Now, just to be clear, the report also said that thousands of phones running Google’s Android operating system were targeted by Pegasus. However, Android, unlike iOS, does not keep accessible logs needed to detect Pegasus spyware infection. Also, Google does not boast of having “the most secure consumer mobile device on the market,” which is what Apple continued to claim after the Pegasus controversy.

Apple also claimed that the attacks are not a threat for the “overwhelming majority” of its users—in January, the company said there are now over one billion active iPhones worldwide. “Attacks like the ones described are highly sophisticated, cost millions of dollars to develop, often have a short shelf life, and are used to target specific individuals.” 

However, that distinction isn’t mentioned when Apple launches its new iPhones every year. Whether you’re a politician, activist, journalist or a regular Jane, you have to cough up at least US$700 if you want to buy the new iPhone. You wouldn’t want a spying tool built by a private company to so easily get access to your phone—including contacts, photos, emails, messages, microphone, and camera—if you’re paying so much for it, right?

Especially since security researchers have been warning about such vulnerabilities for years. And Apple just refused to accept it.

...despite its reputation for building what is seen by millions of customers as a secure product, some believe Apple’s closed culture and fear of negative press have harmed its ability to provide security for those targeted by governments and criminals.

“Apple’s self-assured hubris is just unparalleled,” said Patrick Wardle, a former NSA employee and founder of the Mac security developer Objective-See. “They basically believe that their way is the best way. And to be fair … the iPhone has had incredible success.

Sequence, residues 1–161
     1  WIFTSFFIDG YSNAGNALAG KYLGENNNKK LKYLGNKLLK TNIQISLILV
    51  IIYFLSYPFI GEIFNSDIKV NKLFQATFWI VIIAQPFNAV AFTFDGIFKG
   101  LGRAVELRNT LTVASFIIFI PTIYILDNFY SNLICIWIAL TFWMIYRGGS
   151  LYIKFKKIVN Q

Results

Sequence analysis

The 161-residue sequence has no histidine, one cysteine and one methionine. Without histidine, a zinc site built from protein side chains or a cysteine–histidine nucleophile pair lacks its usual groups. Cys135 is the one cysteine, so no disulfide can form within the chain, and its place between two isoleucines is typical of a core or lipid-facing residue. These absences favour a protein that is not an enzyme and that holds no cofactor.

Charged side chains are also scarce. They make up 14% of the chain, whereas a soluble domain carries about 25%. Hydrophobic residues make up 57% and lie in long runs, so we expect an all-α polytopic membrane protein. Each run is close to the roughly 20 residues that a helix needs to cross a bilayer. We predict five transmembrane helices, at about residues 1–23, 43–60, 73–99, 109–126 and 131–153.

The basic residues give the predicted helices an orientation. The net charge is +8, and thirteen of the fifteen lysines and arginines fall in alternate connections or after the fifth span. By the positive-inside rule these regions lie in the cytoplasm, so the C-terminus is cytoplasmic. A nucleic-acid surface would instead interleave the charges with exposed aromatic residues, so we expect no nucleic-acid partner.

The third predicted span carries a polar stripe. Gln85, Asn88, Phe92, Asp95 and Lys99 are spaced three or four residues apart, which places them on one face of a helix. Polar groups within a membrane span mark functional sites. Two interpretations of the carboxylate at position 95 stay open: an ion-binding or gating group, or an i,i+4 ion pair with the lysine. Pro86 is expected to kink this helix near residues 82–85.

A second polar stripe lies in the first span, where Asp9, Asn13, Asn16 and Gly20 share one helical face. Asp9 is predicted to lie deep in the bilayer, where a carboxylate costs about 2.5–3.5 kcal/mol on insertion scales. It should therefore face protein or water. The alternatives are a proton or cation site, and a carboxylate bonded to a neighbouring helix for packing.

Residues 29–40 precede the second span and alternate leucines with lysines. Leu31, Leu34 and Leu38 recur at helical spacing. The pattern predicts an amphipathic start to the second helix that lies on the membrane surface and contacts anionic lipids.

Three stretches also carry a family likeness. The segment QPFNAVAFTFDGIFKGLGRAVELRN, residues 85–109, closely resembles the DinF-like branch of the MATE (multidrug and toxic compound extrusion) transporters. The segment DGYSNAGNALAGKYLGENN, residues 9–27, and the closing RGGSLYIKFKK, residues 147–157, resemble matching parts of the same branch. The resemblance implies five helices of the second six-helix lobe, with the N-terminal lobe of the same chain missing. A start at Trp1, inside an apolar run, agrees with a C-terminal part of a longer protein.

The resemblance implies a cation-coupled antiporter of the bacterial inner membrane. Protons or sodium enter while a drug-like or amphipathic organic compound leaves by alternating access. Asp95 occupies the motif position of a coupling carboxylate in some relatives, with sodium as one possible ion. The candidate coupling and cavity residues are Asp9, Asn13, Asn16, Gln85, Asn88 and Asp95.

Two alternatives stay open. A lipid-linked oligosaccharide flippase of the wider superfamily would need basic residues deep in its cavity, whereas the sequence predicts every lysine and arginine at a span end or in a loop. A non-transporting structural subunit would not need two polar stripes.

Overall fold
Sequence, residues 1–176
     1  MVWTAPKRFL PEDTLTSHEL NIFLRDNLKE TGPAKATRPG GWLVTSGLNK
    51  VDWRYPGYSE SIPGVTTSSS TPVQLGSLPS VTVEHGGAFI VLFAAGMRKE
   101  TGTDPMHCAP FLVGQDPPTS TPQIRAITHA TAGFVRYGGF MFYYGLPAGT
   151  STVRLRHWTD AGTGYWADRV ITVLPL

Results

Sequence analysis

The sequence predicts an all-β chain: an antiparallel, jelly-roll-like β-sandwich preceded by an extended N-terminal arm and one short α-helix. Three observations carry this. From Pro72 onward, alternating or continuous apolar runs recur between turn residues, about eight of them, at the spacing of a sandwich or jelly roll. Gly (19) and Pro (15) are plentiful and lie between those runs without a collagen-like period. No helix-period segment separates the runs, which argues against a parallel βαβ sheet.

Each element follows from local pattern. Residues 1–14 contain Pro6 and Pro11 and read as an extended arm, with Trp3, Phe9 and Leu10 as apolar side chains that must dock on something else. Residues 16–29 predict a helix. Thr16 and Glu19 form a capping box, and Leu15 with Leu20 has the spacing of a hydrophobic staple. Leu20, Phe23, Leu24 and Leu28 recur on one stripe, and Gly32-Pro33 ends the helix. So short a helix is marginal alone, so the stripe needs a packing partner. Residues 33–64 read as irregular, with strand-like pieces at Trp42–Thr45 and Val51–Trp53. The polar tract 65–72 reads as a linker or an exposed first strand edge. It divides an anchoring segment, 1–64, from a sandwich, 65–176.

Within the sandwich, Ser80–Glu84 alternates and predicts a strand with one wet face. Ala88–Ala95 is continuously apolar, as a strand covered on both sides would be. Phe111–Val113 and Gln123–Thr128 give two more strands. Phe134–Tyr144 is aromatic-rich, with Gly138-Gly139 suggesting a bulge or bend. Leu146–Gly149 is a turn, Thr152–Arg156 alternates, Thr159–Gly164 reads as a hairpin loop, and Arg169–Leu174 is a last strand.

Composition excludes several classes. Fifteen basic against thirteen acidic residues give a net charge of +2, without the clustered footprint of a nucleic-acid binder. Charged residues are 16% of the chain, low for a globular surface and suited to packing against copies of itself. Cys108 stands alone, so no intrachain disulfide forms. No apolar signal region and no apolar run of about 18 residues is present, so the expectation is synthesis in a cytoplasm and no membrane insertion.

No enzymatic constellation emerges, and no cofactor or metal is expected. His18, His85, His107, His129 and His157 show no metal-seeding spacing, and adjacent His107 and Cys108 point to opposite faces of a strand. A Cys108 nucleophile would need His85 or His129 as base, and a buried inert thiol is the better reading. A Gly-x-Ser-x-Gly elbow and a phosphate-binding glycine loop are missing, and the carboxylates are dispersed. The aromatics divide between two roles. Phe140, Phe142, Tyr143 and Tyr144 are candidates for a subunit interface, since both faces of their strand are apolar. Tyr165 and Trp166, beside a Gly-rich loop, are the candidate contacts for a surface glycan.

“But you talk to any external security researcher, they’re probably not going to have a lot of great things to say about Apple.”

What’s alarming is that the iPhone’s greatest vulnerability, according to experts, is one of its most popular features: iMessage, the instant messaging service. The iPhones have a feature called BlastDoor, introduced last year, which screens suspect messages before they enter your inbox. But Pegasus got through the BlastDoor as well.

“We have seen Pegasus deployed through iMessage against Apple’s latest version of iOS, so it’s pretty clear that NSO can beat BlastDoor,” said Bill Marczak, a fellow at Citizen Lab, a cybersecurity analysts’ unit based at the University of Toronto.


According to Wardle, the security features that Apple boasts about are a double-edged sword. “iMessage is end-to-end encrypted, which means that nobody is going to see you throwing that exploit. From the attacker’s point of view, that’s lovely,” he said.

“Once an attacker is inside, they, he or she can almost leverage the device’s security against the user,” Wardle said. “So, for example, I have no idea if my iPhone is hacked.”


That opacity may even undercut Apple’s claim that attacks “often have a short shelf life”. Because researchers find it very difficult to examine the inner workings of an iPhone, “unless the attacker is very unlucky, that implant is going to remain on the device, likely undetected”, Wardle said.

So, the next time you’re thinking about buying a new iPhone, just take all its privacy features and claims with a pinch of salt. It’s just a regular smartphone.